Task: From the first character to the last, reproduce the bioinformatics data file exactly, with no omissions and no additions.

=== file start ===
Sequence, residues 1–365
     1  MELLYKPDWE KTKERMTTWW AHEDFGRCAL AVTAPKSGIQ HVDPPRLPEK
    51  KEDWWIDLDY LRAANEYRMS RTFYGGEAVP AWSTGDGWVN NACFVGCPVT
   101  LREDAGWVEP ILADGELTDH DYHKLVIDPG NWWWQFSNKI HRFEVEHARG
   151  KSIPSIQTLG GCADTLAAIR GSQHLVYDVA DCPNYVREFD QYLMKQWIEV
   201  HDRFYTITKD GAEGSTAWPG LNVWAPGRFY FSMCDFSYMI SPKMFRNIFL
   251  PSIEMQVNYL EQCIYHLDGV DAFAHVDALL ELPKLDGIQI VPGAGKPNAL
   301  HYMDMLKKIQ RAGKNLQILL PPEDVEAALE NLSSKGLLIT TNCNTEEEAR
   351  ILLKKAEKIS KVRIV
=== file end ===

Sequence, residues 1–365
     1  MELLYKPDWE KTKERMTTWW AHEDFGRCAL AVTAPKSGIQ HVDPPRLPEK
    51  KEDWWIDLDY LRAANEYRMS RTFYGGEAVP AWSTGDGWVN NACFVGCPVT
   101  LREDAGWVEP ILADGELTDH DYHKLVIDPG NWWWQFSNKI HRFEVEHARG
   151  KSIPSIQTLG GCADTLAAIR GSQHLVYDVA DCPNYVREFD QYLMKQWIEV
   201  HDRFYTITKD GAEGSTAWPG LNVWAPGRFY FSMCDFSYMI SPKMFRNIFL
   251  PSIEMQVNYL EQCIYHLDGV DAFAHVDALL ELPKLDGIQI VPGAGKPNAL
   301  HYMDMLKKIQ RAGKNLQILL PPEDVEAALE NLSSKGLLIT TNCNTEEEAR
   351  ILLKKAEKIS KVRIV